As you point out, this is a load-balancing problem. It's not really a scheduling problem, since you're not trying to minimise anything (total time, number of concurrent workers, etc.). There are no special constraints (job duration, time clashes, skill sets to match etc.) So really your problem boils down to selecting an appropriate weighting function.

You say there are some situations you want to avoid, like user weightings that are too close together. Can you provide more details? For example, what's wrong with making the chance of assignment just proportional to the current workload, normalised by the workload of the other workers? You can visualise this as a sequence of blocks of different lengths (the tasks), being packed into a set of bins (the workers), where you're trying to keep the total height of the bins as even as possible.

With more information, we could make specific recommendations of functions that could work for you.

## Edit: example load-balancing functions

Based on your comments, here are some example of simple functions that can give you different balancing behaviour. A basic question is whether you want deterministic or probabilistic behaviour. I'll give a couple of examples of each.

To use the example in the question - there are 4 + 5 + 0 + 7 + 9 = 25 jobs currently assigned. You want to pick who gets job 26.

**1) Simple task farm.** For each job, always pick the worker with the least jobs currently pending. Fast workers get more to do, but everyone finishes at about the same time.

**2) Guarantee fair workload.** If workers work at different speeds, and you don't want some doing more than others, then track the number of completed + pending jobs for each worker. Assign the next job to keep this number evenly spread (fast workers get free breaks).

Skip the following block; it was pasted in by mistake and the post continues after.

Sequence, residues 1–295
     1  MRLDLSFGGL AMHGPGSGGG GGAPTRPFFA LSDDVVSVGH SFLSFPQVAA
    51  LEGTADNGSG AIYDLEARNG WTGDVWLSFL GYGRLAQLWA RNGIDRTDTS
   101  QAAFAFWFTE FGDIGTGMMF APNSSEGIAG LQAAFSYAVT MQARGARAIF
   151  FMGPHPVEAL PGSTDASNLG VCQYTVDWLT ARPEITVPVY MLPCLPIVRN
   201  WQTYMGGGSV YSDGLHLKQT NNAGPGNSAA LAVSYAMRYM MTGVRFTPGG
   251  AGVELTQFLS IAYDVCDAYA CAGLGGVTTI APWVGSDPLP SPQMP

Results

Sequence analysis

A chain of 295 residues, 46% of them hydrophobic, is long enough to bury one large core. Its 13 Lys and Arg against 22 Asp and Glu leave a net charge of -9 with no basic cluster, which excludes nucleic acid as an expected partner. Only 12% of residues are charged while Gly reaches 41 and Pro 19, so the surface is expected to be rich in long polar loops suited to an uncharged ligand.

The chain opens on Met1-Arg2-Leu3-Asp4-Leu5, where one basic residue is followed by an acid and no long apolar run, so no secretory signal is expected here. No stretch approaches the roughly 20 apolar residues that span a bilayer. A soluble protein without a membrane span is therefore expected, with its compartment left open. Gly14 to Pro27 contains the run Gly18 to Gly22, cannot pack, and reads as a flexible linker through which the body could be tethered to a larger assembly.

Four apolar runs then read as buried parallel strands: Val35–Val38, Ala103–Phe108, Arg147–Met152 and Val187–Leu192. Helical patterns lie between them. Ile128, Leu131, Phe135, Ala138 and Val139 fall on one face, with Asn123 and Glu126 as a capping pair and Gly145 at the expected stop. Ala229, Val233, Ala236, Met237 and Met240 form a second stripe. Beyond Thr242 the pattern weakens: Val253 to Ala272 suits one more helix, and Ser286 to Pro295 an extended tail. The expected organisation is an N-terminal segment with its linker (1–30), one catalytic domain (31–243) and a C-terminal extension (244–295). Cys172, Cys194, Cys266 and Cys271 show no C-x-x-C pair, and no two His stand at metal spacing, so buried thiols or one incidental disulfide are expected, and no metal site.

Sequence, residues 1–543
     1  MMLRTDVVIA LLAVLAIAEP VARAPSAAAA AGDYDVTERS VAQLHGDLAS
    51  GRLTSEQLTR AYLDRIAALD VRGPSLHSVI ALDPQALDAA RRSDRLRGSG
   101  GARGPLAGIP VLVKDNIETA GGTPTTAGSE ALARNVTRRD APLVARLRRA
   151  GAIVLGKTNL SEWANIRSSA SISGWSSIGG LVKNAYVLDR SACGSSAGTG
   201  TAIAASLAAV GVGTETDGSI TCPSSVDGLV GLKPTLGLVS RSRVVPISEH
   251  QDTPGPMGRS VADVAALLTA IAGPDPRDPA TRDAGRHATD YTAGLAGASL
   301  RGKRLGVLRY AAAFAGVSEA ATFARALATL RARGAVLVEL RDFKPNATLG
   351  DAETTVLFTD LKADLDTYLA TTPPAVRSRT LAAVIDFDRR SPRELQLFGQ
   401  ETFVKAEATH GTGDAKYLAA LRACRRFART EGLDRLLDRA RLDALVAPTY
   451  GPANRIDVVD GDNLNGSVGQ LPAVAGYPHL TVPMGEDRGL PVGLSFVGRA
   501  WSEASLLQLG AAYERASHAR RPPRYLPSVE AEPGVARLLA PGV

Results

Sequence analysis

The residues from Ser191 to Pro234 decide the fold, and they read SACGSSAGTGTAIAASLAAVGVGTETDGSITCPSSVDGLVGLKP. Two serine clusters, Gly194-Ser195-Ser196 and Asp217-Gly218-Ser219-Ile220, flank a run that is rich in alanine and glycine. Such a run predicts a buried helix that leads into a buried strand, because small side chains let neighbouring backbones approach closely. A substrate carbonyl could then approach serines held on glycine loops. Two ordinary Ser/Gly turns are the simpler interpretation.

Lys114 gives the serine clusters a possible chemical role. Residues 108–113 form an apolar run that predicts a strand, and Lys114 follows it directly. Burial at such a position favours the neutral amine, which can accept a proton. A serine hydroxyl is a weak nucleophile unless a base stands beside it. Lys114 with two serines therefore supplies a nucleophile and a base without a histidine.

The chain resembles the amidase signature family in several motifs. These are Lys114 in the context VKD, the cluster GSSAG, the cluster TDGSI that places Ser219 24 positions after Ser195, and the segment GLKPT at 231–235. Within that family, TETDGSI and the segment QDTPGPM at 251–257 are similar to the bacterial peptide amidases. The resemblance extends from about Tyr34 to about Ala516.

**3) Basic linear normalisation.** Pick a maximum number of jobs each worker can have. Each worker's workload is normalised to that number. For example, if the maximum number of jobs/worker is 15, then 50 more jobs can be added before you reach capacity. So for each worker the probability of being assigned the next job is

```
P(A) = (15 - 4)/50 = 0.22
P(B) = (15 - 5)/50 = 0.2
P(C) = (15 - 0)/50 = 0.3
P(D) = (15 - 7)/50 = 0.16
P(E) = (15 - 9)/50 = 0.12
```

If you don't want to use a specific maximum threshold, you could use the worker with the highest current number of pending jobs as the limit. In this case, that's worker E, so the probabilities would be

```
P(A) = (9 - 4)/20 = 0.25
P(B) = (9 - 5)/20 = 0.2
P(C) = (9 - 0)/20 = 0.45
P(D) = (9 - 7)/20 = 0.1
P(E) = (9 - 9)/20 = 0
```

Note that in this case, the normalisation ensures worker E can't be assigned any jobs - he's already at the limit. Also, just because C doesn't have anything to do doesn't mean he is guaranteed to be given a new job (it's just more likely).

You can easily implement the choice function by generating a random number *r* between 0 and 1 and comparing it to these boundaries. So if *r* is < 0.25, A gets the job, 0.25< *r* < 0.45, B gets the job, etc.

**4) Non-linear normalisation.** Using a log function (instead of the linear subtraction) to weight your numbers is an easy way to get a non-linear normalisation. You can use this to skew the probabilities, e.g. to make it much more likely that workers without many jobs are given more.

The point is, the number of ways of doing this are practically unlimited. What weighting function you use depends on the specific behaviour you're trying to enable. Hopefully that's given you some ideas which you can use as a starting point.